• ‘Trading standards bosses at North Yorkshire County Council say that over the past year, they have discovered a number of pubs putting bootlegged whisky, vodka and rum in popular branded bottles.’
    • ‘It's also expected to cut down on the import of cheaper, bootlegged alcohol by lowering the cost of buying legally-ordered supplies.’
    • ‘They were sold from a number of different accounts and the man did not say they were bootlegged or illegal in any way.’
    • ‘The VCDs are affordable and not bootlegged by illegal manufacturers,’ he said.’
    • ‘Recently, their EP fetched over $500 on Ebay from a U.S. collector, with a German label's bootlegging of their unreleased ‘album’ only adding more fuel to the fire.’
    • ‘They have yet to cut an album, but a group of enterprising kids have recorded their concerts and are selling bootlegged cassettes all over the district at $4 each.’
    • ‘Commerce Secretary Evans, in China, was complaining about bootlegged copies of American movies selling there for about $1.’
    • ‘National prohibition provided lucrative illegal markets, which some Italian Americans successfully exploited through bootlegging operations.’
    • ‘He's been involved in some illegal imports, you know, guns, drugs, bootlegged Metallica T-shirts; but we haven't been able to make anything stick yet.’
    • ‘It's been bootlegged quite a lot though--check out your nearest record fair.’
    • ‘For example, before we went into Louisiana, a lot of people were bootlegging our product into Louisiana, so when we arrived there, people already knew about it.’
    • ‘My first real business was bootlegging T-shirts.’
    • ‘So unless someone was helpfully bootlegging it, I don't know how you could hear the whole thing.’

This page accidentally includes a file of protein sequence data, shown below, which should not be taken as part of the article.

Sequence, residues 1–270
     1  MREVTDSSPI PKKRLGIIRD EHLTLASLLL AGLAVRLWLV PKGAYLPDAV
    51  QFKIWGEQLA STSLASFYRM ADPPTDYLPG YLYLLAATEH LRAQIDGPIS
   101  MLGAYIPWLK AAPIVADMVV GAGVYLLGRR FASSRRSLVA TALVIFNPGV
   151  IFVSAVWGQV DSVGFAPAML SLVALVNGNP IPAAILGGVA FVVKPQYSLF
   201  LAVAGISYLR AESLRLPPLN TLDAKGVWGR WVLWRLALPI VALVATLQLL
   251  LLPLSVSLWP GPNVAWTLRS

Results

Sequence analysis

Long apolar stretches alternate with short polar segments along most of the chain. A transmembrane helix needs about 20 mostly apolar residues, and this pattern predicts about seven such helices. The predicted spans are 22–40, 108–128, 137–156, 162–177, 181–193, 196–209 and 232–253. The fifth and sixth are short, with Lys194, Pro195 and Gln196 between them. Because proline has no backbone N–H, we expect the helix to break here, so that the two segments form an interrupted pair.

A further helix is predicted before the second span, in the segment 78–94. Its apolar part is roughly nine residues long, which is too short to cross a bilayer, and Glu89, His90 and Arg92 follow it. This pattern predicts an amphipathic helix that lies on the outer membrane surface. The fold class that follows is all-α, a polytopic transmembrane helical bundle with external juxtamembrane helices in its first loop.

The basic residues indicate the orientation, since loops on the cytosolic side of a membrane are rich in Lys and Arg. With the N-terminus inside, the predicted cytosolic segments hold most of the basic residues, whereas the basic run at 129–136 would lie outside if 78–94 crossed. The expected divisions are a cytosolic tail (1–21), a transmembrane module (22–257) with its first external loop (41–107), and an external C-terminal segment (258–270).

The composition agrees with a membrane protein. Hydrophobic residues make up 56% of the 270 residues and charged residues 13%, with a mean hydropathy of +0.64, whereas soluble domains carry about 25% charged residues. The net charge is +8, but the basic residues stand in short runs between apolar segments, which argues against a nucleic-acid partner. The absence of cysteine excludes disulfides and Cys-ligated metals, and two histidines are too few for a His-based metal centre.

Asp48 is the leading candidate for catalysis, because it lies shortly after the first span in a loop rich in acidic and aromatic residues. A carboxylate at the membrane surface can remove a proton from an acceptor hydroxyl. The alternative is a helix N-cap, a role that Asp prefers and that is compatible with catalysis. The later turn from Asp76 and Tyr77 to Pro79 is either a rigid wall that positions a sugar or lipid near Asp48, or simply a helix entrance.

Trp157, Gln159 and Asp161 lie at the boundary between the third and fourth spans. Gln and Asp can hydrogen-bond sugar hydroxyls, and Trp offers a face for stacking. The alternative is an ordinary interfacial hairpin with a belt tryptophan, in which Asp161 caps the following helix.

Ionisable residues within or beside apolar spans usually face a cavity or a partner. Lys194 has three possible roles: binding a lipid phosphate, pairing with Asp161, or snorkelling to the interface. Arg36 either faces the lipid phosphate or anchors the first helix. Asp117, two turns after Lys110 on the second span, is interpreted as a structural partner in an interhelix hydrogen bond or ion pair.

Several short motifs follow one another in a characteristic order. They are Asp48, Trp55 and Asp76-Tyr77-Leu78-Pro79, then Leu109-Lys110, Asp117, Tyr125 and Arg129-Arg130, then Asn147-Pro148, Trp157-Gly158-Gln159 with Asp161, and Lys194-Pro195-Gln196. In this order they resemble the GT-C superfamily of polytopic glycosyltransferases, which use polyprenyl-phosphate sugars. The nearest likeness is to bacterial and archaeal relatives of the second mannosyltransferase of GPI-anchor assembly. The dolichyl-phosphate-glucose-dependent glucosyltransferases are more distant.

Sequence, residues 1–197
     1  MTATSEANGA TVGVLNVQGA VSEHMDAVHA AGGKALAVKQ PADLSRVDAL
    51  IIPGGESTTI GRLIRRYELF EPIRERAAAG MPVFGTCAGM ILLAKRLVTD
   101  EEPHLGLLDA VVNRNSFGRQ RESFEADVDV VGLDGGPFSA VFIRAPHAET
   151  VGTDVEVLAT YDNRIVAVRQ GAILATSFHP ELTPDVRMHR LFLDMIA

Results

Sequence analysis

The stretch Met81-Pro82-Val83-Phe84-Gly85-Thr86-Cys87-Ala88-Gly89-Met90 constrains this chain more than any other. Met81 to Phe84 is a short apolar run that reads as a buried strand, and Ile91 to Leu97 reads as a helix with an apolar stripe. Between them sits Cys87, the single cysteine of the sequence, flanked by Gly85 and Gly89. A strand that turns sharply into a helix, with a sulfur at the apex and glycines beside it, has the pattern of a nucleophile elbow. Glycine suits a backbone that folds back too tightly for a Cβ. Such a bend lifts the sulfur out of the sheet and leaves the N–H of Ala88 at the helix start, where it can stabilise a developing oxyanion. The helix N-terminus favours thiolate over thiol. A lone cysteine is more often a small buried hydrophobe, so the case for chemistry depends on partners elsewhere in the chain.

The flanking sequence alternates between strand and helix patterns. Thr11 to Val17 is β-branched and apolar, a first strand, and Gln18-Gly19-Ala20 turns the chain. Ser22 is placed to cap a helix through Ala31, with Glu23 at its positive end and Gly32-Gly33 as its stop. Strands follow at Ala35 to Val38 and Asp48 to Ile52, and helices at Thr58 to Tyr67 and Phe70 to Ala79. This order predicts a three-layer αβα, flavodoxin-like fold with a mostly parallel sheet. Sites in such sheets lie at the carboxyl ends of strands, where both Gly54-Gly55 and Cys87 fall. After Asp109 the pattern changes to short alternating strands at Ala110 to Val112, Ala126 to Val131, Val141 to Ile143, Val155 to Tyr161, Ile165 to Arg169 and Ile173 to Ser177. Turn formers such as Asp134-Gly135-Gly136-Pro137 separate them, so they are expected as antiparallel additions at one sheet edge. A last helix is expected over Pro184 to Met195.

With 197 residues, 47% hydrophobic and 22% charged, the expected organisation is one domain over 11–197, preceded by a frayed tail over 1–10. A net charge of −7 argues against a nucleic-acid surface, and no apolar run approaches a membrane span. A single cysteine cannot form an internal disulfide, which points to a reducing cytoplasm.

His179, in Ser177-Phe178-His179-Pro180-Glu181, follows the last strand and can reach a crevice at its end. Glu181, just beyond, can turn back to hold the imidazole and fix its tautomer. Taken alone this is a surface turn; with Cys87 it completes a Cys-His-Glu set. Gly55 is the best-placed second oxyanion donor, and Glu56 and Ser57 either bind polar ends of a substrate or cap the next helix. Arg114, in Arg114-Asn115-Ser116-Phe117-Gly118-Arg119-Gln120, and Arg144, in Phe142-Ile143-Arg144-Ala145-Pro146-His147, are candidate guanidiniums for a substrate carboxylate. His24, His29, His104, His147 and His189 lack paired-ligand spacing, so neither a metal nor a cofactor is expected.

• ‘Miles Davis's much bootlegged performances in Poland in the 1980s were signature moments in the decline of Polish Communism, symbols of a yearned-for freedom.’
    • ‘In 2001, 29% of the pirated films seized were on DVD; so far this year 59% have been bootlegged DVDs.’
    • ‘These tapes - amazingly by the standards of Dylan collectors - have never been bootlegged, but can be heard on the BBC documentary.’
    • ‘I've also spoken to people whose work has been bootlegged.’
    • ‘In a way I look at the fact it was bootlegged as a compliment.’
    • ‘If you see a couple of mic stands being attended by some dude with a rock shirt, that show is probably being bootlegged.’
    illegal, illicit, unlawful, unauthorized, unsanctioned, unlicensed, unofficial, pirated
    View synonyms

noun

  • 1An illegal musical recording, especially one made at a concert.

    fake, counterfeit, sham, fraud, imitation, dummy, mock-up, reproduction, replica, copy, print, lookalike, likeness
    View synonyms
  • 2American Football
    A play in which the quarterback pretends to hand the ball to a teammate but continues to carry it, concealing it from opposing players by holding it near his hip.

    ‘he scored on a 29-yard bootleg on fourth down’

Origin

Late 19th century from the smugglers' practice of concealing bottles in their boots.

Pronunciation

bootleg

/ˈbuːtlɛɡ/